showed the typical rig used by carmen (truckmen) for transporting goods.
It consisted of a two-wheeled horse-drawn cart with a platform in front.
The carmen (truckmen) generally wore the uniform of their trade, a white
canvas smock and they usually drove the carts standing with one foot on
the platform and the other on a shaft.

When about twenty-four years old, Richard joined his father, Jacob,
in the trucking business, but by the year 1820, Richard was operating in
the area of Cherry Street along the eastside of Lower Manhattan. Jacob
continued trucking on the westside of Manhattan until his death on
October 13, 1835 at the age of seventy years. At the time of his death,
Jacob was living at 161 Franklin Street on the westside of Lower
Manhattan. Jacob’s body was first buried in a New York cemetery and on
April 4, 1868 his Body was removed from New York to the family plot,
Lot 11766, Sec. 74, in the Green-Wood Cemetery, Brooklyn, New York.

Jacob’s will, dated June 29, 1835, gave all of his estate to his wife,
Mary, except that the sum of $100 was to be given, subject to his wife’s
consent, to each of Jacob’s sons — Richard and Henry. The $100 was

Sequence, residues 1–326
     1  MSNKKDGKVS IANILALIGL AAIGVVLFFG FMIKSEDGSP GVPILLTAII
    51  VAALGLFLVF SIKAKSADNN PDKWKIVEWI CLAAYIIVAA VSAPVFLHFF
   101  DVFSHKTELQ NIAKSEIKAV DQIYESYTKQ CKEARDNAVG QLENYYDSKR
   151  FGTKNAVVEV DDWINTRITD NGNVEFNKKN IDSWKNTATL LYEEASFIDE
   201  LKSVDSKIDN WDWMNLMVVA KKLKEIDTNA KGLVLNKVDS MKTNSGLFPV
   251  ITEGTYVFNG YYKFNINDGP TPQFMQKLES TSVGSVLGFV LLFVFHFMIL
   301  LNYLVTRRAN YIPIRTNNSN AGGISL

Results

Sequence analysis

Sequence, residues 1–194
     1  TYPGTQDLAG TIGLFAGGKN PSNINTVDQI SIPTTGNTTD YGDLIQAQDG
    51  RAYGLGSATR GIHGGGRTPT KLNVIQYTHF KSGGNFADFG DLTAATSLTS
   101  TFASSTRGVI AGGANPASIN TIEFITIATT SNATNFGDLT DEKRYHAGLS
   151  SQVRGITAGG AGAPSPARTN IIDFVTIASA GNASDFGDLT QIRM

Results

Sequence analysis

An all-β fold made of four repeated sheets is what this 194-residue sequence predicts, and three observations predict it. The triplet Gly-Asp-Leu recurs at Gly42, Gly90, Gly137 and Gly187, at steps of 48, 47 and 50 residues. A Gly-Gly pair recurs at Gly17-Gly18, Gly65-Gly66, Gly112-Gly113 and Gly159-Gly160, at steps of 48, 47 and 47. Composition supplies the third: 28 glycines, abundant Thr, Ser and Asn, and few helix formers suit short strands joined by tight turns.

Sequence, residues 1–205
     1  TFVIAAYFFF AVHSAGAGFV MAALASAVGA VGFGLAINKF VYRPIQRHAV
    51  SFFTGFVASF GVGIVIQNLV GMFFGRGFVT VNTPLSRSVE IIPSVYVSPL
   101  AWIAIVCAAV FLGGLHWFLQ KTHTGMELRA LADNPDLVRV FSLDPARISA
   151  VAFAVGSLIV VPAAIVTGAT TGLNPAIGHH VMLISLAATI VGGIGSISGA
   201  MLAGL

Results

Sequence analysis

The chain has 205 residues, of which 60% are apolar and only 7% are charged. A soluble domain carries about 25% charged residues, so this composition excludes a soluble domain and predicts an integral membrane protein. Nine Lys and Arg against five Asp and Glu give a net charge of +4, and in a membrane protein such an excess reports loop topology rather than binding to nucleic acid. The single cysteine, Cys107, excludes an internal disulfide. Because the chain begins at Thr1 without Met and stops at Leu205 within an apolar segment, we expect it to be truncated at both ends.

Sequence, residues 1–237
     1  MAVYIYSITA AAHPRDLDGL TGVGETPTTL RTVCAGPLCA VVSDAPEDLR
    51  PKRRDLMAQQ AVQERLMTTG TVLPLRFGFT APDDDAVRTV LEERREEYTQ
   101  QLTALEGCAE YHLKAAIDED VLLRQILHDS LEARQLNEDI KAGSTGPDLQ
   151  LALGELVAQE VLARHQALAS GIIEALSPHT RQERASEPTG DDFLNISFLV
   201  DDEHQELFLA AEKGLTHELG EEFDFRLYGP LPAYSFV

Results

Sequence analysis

not to be paid to “my son Henry until he arrived at the age of twenty-one
years and then on condition that he demeans himself as a moral and good
person which is to be determined by my Executors”. The will further
provided that “in case of marriage or death of my wife then my personal
estate to be divided equally among my children”. The Executors named
in the will were Jacob’s wife, Mary, and Jacob’s son, Richard. The
witnesses to the will were Rensselaer TenBroeck, 162 Franklin Street,
New York; John S. Rutan, 156 Franklin Street, New York and Stephen
G. Terhum, 73 Sullivan Street, New York.

Jacob’s widow, Mary died about the year 1858 and at the time
of her death she resided at 161 Franklin Street in Lower Manhattan, New
York City. Her place of burial is not known.

Mary, Jacob’s widow, was the daughter of Michael Hartman Vreeland
and his first wife, Gerritje Vreeland. Michael had four children by his
first marriage and four children by his second marriage to Lena Vreeland.
He lived in a stone house in Paterson, New Jersey between the Boulevard
and the Passaic River. In that house his children were born and there he
died in May, 1804. He had a tannery on the brook running through his
lands. He was a substantial land-owner and a man of means. In his will
(dated January 14, 1804) he described himself as of Wesel in Essex
County, New Jersey. His surviving wife, Lena, and his eight children
shared in his estate. To Mary Van Riper, he left two silver table spoons
which had belonged to her deceased mother, Gerritje. The will further
provided that his son, Hartman, was to pay Mary, wife of Jacob Van Riper,
$100 seven years after the death or remarriage of his wife, Lena Vreeland.
The will also bequeathed to one of his sons, a negro man, Sam, and to a
daughter, Jane, a little negro wench named Jealles, aged about two
months and to his three youngest sons, a little negro boy, Harry, aged
seven years, and lastly to his son, Nicholas, a bay colt.